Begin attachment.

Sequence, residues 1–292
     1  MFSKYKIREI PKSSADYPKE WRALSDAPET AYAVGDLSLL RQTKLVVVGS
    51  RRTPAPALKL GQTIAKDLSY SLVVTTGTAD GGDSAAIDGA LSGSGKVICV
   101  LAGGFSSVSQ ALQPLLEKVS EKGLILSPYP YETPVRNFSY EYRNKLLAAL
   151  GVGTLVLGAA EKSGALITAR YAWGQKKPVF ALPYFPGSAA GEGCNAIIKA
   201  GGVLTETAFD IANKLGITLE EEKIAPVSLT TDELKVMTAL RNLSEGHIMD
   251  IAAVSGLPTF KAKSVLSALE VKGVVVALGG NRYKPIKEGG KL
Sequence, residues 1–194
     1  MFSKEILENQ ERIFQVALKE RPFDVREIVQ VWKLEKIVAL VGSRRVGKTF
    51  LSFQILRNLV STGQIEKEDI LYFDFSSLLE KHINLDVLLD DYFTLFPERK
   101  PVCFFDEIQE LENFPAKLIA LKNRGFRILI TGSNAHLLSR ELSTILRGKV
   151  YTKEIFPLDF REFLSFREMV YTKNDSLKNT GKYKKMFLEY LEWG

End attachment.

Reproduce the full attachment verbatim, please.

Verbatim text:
Sequence, residues 1–292
     1  MFSKYKIREI PKSSADYPKE WRALSDAPET AYAVGDLSLL RQTKLVVVGS
    51  RRTPAPALKL GQTIAKDLSY SLVVTTGTAD GGDSAAIDGA LSGSGKVICV
   101  LAGGFSSVSQ ALQPLLEKVS EKGLILSPYP YETPVRNFSY EYRNKLLAAL
   151  GVGTLVLGAA EKSGALITAR YAWGQKKPVF ALPYFPGSAA GEGCNAIIKA
   201  GGVLTETAFD IANKLGITLE EEKIAPVSLT TDELKVMTAL RNLSEGHIMD
   251  IAAVSGLPTF KAKSVLSALE VKGVVVALGG NRYKPIKEGG KL
Sequence, residues 1–194
     1  MFSKEILENQ ERIFQVALKE RPFDVREIVQ VWKLEKIVAL VGSRRVGKTF
    51  LSFQILRNLV STGQIEKEDI LYFDFSSLLE KHINLDVLLD DYFTLFPERK
   101  PVCFFDEIQE LENFPAKLIA LKNRGFRILI TGSNAHLLSR ELSTILRGKV
   151  YTKEIFPLDF REFLSFREMV YTKNDSLKNT GKYKKMFLEY LEWG